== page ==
Tommy Tackett and Bill Wylie-Kellermann begin 12 Day Jail Sentence

33170060_10214353732610697_5007133656053972992_oBy Lydia Wylie-Kellermann

On May 21, 2018, 16 people were arrested in Michigan as part of the Poor People’s Campaign 40 days of actions around the country. They blocked the entrances to the Department of Health and Human Services. It was a cry against the systemic racism so ingrained in our systems that claim to be supporting the poor. Continue reading

We Need a Moral Breakthrough

BarberAn excerpt from Rev. William Barber’s address presented before the 74th Union for Reform Judaism Biennial convention on December 6, 2017.

We are here tonight, and 62 years ago would have been the fifth day of the Montgomery Bus Boycott. Today, when the prophetic actions of Rosa Parks like Shiphra and Puah in the Bible, chose to challenge the Pharaoh of Jim Crow. She sat down and birthed a movement on a stage that produced a prophet like Moses named Martin. She sparked a nonviolent revolution. Continue reading

Disobedience Here Below

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Alana Alpert, Bill Wylie-Kellermann, and others shut down the Department of Environmental Quality on June 4 as part of the Poor People’s Campaign.

Re-shared from Tikkun.

Ordained from Hebrew College of Boston in 2014, Rabbi Alana Alpert serves a dual position as rabbi of Congregation T’chiyah and as a community organizer with Detroit Jews for Justice. Because they have been working closely together on the Michigan Poor Peoples Campaign, she invited Rev. Bill Wylie-Kellermann to share the teaching for Rosh Hashanah. A graduate of Union Theological Seminary in NYC, Bill is a non-violent activist, author, and United Methodist pastor recently retired from St Peter’s Episcopal, Detroit. What follows are their remarks for the day.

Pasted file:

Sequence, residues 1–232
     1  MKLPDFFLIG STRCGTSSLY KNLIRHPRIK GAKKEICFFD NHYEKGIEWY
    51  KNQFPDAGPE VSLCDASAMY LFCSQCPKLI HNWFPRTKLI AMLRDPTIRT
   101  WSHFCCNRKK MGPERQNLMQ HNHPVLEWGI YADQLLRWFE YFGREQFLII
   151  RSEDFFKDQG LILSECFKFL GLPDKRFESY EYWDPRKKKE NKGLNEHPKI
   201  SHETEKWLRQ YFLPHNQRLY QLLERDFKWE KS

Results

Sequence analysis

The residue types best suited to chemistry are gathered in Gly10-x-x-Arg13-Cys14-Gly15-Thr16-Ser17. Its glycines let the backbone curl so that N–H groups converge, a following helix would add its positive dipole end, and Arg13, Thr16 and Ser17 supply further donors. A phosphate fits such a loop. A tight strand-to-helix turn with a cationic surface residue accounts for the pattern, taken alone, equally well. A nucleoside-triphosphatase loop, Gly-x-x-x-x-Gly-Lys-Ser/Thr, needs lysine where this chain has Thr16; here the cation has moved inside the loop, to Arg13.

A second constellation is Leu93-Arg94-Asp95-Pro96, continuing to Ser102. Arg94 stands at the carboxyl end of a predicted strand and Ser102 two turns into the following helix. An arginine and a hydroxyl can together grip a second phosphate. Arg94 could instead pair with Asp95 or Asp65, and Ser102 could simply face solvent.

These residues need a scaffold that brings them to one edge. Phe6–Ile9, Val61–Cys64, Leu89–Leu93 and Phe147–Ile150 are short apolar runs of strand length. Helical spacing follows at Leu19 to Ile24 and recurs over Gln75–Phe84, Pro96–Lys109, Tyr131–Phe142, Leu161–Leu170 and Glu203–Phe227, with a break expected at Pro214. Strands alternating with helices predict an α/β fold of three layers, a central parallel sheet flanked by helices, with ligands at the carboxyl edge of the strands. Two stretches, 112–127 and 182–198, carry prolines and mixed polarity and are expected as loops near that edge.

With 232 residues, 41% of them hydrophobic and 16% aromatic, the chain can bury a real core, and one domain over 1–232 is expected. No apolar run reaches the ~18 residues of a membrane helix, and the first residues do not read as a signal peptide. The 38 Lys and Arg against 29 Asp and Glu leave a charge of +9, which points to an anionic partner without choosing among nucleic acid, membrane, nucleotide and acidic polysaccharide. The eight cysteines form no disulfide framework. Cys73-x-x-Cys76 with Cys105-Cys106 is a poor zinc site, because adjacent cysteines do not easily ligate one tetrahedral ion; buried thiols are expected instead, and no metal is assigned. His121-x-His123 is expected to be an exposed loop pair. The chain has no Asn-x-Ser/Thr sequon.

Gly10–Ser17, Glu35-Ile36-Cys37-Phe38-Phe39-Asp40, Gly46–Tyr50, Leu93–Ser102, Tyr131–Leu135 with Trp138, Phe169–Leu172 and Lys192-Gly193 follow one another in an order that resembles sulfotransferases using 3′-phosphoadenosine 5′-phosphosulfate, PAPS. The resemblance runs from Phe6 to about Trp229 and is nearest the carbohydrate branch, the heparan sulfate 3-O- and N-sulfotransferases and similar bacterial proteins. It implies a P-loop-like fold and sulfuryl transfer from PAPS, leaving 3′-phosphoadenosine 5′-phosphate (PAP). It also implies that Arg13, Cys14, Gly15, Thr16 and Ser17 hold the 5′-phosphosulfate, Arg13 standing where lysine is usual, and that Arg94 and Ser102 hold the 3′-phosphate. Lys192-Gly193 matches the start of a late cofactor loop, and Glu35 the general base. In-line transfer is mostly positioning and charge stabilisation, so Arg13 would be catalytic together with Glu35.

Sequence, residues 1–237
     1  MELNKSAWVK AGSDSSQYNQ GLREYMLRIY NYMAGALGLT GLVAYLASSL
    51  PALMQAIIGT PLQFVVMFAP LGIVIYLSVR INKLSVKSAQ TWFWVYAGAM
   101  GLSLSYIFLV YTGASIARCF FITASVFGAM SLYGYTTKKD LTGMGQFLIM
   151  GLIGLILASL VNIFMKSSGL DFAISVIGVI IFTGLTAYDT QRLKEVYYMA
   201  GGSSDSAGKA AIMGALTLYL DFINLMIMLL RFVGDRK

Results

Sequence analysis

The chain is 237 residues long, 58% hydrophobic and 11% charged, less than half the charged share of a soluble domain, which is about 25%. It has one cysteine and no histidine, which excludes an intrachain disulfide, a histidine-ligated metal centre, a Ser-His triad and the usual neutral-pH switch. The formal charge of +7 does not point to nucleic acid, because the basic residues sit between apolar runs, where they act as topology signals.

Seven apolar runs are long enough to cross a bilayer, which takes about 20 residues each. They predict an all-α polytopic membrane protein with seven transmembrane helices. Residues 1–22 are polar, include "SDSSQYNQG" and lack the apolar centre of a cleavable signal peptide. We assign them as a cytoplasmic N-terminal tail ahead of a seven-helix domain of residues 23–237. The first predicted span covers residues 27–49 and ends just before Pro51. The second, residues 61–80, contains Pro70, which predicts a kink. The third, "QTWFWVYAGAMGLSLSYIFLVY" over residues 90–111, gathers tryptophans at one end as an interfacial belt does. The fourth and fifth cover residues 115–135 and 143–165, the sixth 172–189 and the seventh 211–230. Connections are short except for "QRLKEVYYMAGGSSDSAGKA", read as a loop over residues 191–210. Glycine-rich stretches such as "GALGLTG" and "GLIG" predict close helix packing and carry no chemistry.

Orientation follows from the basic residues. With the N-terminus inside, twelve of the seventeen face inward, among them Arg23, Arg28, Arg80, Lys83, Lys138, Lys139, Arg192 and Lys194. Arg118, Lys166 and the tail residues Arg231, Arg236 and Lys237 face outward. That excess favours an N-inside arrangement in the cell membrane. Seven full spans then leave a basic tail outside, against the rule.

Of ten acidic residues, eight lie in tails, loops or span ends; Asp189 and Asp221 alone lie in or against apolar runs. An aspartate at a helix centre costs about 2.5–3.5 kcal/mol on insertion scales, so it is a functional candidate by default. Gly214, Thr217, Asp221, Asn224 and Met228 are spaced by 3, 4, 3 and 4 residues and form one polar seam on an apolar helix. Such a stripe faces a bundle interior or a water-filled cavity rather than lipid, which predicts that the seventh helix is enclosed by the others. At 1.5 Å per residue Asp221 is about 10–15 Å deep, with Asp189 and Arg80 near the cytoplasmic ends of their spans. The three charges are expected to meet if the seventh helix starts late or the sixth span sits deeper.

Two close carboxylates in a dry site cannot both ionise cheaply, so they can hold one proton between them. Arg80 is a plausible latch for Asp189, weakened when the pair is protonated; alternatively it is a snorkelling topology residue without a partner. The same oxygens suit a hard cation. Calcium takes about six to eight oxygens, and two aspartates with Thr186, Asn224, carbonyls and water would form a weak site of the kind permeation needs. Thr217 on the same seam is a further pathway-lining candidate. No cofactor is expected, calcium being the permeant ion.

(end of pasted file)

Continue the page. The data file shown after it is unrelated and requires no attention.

Rabbi Alana Alpert: Shanah tovah!!!

I suppose you are used to most of my heresies by now, but I’ll admit a new one: vegan coneys. There is a new place in Brush Park. Just a few weeks ago, I sat around a long table of Detroit Jews for Justice leaders discussing the implications of our recent arrests as part of the Poor People’s Campaign, a national campaign uniting tens of thousands to challenge the evils of systemic racism, poverty, the war economy, ecological devastation & the nation’s distorted morality. Continue reading

Why is Grandpa in Jail?

33116241_10214353738810852_6880318968586829824_oBy Lydia Wylie-Kellermann

I wrote this as a children’s book for Isaac during the Poor People’s Campaign. He was very concerned about why Grandpa kept going to jail when we were also teaching about how we dont believe in jails and prisons. So, I wrote this to try to explain it to him. We printed it out and he and Cedar and Ira and their friend helped illustrate it as a birthday gift to my dad.

Why is Grandpa in jail?
We don’t like jails. We think they shouldn’t exist.

If people make bad choices, there are better ways to help them be better.
Talking.
Caring.
Paying attention to what they need.
Teaching.
Loving.

Locking people up for years of their life only….
Takes them away from their families.
Makes people feel lonely.
Takes them away from the sun and the trees.